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Antibiotics - maximise the benefits, reduce the risks

Antibiotic gels, solution and lotions will be prescribed by a doctor with instructions - how often to apply it, which parts of the face it should be put on, and for how long. These instructions should be followed carefully.

A thin smear should be applied once or twice a day to the entire area affected by acne, not just the spots. This is because topical preparations work to reduce visible pimples but also help prevent new ones. Using them regularly over the entire area will lead to much better control of acne.

Oral antibiotics may work faster and be more effective if large areas are involved, such as acne on the face and body.

Pharmacists will tell you when it’s best to take tablets or capsules and whether or not they should be taken with food. They can also provide some practical tips on how to remember to take medications.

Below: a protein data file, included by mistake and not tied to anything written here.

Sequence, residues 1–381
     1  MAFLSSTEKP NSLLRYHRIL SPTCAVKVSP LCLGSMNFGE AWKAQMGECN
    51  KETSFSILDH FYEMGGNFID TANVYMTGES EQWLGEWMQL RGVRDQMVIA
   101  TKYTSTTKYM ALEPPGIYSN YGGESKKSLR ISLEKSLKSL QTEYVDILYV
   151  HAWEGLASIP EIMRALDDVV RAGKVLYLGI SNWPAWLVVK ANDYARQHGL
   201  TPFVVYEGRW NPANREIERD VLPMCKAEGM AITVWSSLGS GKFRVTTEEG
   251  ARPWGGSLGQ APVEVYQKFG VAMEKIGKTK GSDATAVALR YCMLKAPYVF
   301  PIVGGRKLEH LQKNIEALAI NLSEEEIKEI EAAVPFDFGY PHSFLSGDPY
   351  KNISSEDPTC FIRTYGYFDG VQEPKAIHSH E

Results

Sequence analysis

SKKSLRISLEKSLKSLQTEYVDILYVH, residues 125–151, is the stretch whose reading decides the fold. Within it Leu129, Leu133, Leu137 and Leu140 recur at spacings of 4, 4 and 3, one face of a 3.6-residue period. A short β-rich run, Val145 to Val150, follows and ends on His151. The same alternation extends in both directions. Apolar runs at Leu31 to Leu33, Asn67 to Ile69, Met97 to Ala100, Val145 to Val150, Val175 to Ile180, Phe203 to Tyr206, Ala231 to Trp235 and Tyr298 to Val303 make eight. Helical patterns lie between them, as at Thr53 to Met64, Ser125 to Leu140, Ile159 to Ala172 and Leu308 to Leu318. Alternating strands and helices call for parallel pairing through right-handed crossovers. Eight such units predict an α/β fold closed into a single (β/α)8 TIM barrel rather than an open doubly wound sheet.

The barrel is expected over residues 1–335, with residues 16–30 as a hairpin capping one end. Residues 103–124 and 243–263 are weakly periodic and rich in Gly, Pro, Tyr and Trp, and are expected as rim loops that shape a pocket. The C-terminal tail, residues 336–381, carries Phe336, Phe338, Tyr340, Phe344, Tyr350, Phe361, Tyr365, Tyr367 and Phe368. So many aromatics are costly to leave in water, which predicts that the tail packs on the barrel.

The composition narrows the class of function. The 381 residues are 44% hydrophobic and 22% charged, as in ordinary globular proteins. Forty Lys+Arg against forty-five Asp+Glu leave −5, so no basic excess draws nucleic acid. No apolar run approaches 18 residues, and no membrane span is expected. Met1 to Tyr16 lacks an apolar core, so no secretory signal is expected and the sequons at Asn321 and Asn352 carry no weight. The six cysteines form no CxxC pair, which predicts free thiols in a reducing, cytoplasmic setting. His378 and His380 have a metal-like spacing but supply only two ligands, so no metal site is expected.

Antibiotics usually produce some improvement in 8-12 weeks. Talk to your doctor if your acne is not settling down within this timeframe.

As with all antibiotics, there is concern that if they are over-used or inappropriately used, strains of the acne bacteria will become resistant to antibiotics, making the medications ineffective. Taking antibiotics for the full course as prescribed and applying antibiotic creams and gels as directed will reduce this risk.

Combining antibiotic therapy with other acne treatments e.g. benzoyl peroxide cream or wash also helps to protect against antibiotic resistance.


Last updated March 2016

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